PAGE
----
The Making of Jonathan Wild: A Study in the Literary Method of Henry Fielding

The Making of Jonathan Wild: A Study in the Literary Method of Henry Fielding

The Making of Jonathan Wild: A Study in the Literary Method of Henry Fielding

The Making of Jonathan Wild: A Study in the Literary Method of Henry Fielding

Excerpt

In contrast with his masterpieces Joseph Andrews and Tom Jones, Jonathan Wild is one of Henry Fielding's minor works; but as a study in the literary method of a great novelist it merits the full critical analysis which it has not previously been accorded. An understanding of this work depends upon the answers to two questions: What material for the writing of Jonathan Wild was available to Fielding? How did he use, enlarge, and shape this material to the fulfillment of his purpose? The synthesis of already existing data--biographical and historical, ethical, and literary-- and actual creation which produced Jonathan Wild, constitute a process best summarized by the word "making." Hence the present title.

I have not attempted to discover the "sources" of Jonathan Wild, for the reason that Fielding drew his matter not so much from specific books as from historical, ethical, and literary traditions. Nor have I been concerned with analyzing the spiritual and emotional part of the creative process as it must have taken place in Fielding's mind while he wrote Jonathan Wild. Available evidence provides no tools for such deep searching. The nature of this subject demanded also that the discussion of "greatness" and "goodness" as concepts in the literature of popular morality be limited to the moral background of Fielding's own time, although these concepts have received wide and varied expression in the literature of all countries and all ages. I hope in a future study to give the literary expression of this aspect of the history of popular ethics the attention which it deserves.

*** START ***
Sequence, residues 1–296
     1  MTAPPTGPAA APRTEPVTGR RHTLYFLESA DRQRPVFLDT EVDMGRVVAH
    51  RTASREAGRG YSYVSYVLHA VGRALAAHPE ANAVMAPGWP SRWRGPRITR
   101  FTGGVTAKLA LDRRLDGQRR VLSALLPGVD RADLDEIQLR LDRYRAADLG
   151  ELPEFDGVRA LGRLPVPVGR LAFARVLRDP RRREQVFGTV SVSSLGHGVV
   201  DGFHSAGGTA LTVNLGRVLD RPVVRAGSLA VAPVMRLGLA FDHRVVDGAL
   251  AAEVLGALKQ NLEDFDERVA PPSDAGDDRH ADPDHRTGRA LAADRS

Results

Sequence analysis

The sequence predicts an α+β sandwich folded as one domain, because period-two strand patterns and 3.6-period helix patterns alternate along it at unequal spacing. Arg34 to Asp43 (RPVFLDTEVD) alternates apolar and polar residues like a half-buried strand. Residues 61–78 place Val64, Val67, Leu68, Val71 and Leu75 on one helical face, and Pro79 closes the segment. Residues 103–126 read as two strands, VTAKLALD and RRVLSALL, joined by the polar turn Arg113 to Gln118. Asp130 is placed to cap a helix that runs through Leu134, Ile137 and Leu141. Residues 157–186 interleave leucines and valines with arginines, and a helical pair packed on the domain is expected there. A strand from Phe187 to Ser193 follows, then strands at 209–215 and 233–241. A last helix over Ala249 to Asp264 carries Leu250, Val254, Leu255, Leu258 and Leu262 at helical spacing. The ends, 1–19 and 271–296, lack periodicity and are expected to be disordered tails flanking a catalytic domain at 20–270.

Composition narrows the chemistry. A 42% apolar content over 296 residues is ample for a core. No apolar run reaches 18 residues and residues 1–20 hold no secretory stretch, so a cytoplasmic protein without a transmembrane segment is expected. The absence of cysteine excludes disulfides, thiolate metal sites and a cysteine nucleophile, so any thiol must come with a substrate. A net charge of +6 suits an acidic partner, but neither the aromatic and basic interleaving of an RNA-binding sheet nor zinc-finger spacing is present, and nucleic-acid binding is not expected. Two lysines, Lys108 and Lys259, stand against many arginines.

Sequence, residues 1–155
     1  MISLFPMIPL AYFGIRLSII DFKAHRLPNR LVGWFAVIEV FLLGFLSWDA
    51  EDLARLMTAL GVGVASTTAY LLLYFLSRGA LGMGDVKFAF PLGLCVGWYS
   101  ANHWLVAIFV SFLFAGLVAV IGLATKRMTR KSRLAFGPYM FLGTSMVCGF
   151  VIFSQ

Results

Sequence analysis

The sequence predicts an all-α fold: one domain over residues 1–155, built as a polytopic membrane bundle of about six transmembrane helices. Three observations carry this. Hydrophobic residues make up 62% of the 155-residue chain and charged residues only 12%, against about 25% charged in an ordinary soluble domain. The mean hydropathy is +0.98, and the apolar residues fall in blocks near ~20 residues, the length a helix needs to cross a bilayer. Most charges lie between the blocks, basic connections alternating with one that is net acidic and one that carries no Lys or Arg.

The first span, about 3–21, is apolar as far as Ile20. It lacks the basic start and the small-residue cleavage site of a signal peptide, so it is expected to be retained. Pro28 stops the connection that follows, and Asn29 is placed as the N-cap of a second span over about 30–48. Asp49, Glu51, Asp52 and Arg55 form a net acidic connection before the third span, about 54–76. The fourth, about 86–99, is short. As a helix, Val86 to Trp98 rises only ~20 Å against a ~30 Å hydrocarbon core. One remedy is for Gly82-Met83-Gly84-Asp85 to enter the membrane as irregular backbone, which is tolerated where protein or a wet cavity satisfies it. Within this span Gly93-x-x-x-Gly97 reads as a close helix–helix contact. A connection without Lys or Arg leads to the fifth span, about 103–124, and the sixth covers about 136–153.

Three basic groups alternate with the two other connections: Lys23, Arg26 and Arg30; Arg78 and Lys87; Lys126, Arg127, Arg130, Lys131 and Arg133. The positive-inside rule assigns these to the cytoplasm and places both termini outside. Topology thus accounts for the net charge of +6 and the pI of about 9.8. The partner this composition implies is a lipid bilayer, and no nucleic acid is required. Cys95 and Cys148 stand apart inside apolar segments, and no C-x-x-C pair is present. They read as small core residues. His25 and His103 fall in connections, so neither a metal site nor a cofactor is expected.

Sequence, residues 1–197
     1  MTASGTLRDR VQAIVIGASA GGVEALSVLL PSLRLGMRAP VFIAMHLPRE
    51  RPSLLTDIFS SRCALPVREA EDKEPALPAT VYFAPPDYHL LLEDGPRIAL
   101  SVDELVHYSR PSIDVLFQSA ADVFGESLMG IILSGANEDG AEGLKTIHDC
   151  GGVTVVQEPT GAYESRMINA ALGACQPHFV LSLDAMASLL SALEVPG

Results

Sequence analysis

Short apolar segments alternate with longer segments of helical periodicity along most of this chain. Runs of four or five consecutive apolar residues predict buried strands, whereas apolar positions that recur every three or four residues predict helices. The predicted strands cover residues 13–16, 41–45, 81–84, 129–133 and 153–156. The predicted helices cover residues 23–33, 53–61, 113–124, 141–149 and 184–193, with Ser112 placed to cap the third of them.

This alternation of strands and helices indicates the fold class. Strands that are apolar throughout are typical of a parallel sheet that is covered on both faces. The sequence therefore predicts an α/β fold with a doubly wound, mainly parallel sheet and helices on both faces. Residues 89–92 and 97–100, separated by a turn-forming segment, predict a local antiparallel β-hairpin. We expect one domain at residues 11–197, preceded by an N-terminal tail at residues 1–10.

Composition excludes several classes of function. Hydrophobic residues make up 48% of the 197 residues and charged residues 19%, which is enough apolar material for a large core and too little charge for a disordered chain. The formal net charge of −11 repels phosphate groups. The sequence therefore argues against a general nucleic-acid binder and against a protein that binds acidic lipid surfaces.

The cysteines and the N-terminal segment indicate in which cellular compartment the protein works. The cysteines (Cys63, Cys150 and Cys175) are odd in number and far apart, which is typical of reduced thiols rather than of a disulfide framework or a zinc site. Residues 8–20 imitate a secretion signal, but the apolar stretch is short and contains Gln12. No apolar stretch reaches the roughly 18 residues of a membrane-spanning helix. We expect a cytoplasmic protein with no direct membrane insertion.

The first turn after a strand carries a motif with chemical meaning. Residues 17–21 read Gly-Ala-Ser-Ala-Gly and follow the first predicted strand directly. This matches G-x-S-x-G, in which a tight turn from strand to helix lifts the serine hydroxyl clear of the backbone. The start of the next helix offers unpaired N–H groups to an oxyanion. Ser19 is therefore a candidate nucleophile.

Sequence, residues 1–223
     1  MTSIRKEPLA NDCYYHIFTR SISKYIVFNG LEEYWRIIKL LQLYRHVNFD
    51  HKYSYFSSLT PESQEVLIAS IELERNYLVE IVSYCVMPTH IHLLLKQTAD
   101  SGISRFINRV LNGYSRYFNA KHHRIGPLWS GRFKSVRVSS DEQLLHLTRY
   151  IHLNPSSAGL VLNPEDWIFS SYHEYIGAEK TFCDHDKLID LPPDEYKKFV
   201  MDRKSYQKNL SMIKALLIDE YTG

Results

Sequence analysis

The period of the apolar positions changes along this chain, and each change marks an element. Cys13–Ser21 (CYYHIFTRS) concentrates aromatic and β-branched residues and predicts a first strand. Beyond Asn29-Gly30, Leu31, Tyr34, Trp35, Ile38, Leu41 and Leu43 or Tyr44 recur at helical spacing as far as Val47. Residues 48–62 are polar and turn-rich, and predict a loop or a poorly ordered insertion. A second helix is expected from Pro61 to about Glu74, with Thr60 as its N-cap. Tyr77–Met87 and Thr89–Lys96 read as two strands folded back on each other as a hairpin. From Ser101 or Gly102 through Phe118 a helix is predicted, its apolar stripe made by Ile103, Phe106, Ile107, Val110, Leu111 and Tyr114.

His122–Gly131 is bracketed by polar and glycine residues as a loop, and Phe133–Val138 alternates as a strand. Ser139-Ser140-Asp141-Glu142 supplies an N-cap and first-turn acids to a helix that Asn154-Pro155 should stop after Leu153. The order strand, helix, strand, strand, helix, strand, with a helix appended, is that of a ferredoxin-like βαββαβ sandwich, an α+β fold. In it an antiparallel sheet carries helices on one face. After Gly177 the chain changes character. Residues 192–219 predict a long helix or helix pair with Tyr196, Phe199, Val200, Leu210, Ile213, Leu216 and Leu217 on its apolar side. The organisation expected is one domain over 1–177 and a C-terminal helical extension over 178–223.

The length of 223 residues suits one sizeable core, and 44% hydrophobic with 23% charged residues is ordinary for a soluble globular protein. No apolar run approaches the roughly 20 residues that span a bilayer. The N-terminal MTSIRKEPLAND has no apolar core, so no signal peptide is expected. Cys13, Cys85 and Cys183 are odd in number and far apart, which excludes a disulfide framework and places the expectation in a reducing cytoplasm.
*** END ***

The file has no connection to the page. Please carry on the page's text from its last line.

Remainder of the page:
Of my many debts of gratitude there are several which I wish particularly to acknowledge. The officers of the Yale University Library granted me the freedom of the excellent Fielding Collection. Professor George Sherburn of Harvard University and Professor Hoxie Neale Fairchild of Hunter College supervised this . . .

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